Bulls charge on acreage and stocks report: Analyst's Insight

Thursday, 1 July 2021

Market commentary

  • UK feed wheat futures (Nov-21) closed up £4.00/t yesterday, at £172.70/t. The rally in prices was led by USDA acreage (read more on maize below) and stocks reports.
  • UK wheat futures tracked the move in the wider global grain price complex. Chicago maize futures (Dec-21) gained 7.5% by the end of the day and is making further gains in early trading this morning.
  • US stocks of corn and soyabeans were below the average of industry estimates and 17.8% and 44.5% below year ago levels, in yesterday’s USDA stocks report.
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James Webster

Senior Analyst (Cereals and Oilseeds)

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Bulls charge on acreage and stocks report

For much of the recent fall in prices, the potential for some more volatility on 30 June has been a key point to watch. In that regard, yesterday did not disappoint.

With the publication of US stocks figures and US acreage statistics by the USDA, Chicago maize futures (Dec-21) went “limit up”, undoing the previous twelve days of trading. Both maize acres and maize stocks came in below average trade estimates in a pre-report Refinitiv poll.

With balance of supply and demand for all grains tight coming out of the old season (2020/21) and into the new season (2021/22), any data highlighting the potential for the market to be tighter than expected is going to drive increased volatility.

What does the acreage report mean for US maize supply?

Looking at the acreage report first, the planted area for maize is estimated at 37.5Mha, with 34.2Mha expected to be harvested. The acreage estimate represents a 2.1% increase in planted area, and 2.5% increase in harvested area, year-on-year.

Applying the trend yield from the USDA June supply and demand estimates to the forecast harvested acreage suggest a crop of 385.3Mt. This is 4.5Mt greater than the USDA’s June forecast. While this would seem to be a bearish factor for markets, we need to consider a couple of key factors.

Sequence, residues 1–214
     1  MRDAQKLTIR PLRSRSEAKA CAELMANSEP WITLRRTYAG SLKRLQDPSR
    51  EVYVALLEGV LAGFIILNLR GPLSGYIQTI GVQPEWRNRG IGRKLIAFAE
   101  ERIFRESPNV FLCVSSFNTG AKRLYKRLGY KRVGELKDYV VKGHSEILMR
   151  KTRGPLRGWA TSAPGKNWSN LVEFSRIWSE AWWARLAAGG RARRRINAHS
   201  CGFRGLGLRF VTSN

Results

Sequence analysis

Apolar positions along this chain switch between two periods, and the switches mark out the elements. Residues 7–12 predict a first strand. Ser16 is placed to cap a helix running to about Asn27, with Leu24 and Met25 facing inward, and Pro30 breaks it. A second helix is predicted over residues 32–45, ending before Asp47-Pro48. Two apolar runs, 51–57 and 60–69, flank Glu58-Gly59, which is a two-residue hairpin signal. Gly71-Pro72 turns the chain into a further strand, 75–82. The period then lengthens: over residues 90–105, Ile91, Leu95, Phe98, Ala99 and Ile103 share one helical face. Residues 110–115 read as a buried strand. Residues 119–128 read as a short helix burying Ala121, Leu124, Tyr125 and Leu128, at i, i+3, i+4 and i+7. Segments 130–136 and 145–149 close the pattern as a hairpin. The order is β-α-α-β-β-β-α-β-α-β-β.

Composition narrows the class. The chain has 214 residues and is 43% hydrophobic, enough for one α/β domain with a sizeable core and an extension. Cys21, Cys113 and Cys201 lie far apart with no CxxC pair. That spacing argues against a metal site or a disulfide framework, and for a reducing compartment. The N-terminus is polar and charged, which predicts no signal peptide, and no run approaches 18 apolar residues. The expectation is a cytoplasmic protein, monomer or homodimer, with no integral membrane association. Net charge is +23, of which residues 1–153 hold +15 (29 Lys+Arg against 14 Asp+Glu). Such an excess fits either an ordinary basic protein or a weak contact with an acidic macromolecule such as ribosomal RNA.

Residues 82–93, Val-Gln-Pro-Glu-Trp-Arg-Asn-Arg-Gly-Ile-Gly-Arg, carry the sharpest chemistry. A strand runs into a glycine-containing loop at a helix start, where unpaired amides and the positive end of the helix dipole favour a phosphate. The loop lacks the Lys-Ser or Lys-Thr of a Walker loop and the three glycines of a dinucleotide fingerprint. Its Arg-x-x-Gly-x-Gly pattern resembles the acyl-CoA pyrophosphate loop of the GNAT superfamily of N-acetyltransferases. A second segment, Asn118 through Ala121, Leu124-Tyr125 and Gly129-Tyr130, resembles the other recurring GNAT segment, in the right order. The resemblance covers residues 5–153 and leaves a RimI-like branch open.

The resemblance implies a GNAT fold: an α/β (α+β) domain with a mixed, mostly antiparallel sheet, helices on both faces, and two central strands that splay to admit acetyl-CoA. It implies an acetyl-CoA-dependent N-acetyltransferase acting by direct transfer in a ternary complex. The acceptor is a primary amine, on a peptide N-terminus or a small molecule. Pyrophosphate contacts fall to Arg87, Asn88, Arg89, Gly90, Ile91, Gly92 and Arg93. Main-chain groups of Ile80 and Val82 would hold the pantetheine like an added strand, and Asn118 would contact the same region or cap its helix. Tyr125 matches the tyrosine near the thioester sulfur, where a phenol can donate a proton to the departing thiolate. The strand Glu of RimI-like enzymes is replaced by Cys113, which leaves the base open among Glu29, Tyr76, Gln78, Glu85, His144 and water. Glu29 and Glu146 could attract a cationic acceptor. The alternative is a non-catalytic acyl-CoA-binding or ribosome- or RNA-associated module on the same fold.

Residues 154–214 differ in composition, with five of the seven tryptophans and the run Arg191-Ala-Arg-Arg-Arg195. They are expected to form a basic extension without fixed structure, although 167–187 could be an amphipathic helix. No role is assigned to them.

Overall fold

Industry expectations

As mentioned above, the figures for maize and soyabean planted area and stocks came in below the average of industry expectations. The reduced area estimates, relative to trade expectations, tightens the balance sheet of those trading the market, and so dictating the price.


This is a key factor, and one that will not be determined for some time. The current yield used in the USDA report is a record 11.3 t/ha, the five-year average yield for the US maize crop is 10.9 t/ha. If we are to see a record the crop will need excellent conditions as we move through silking (July).

Crop conditions will continue to be watched closely over the course of the next month. While conditions in many states are positive, some of the northern states, namely North Dakota, South Dakota and Minnesota remain a concern. For now, the current weather pattern in the US looks set to stay. Conditions remain positive for the Midwest but are a concern in the more northern states.

What happens next?

If the bulls are to continue their run, they will need feeding.

Now the acreage data is known it will quickly be priced in, forecasts over the coming weeks, and crop conditions next Tuesday will be the next signal for prices. Beyond that, the next point of key production data will be the crop production estimates due on 12 August.

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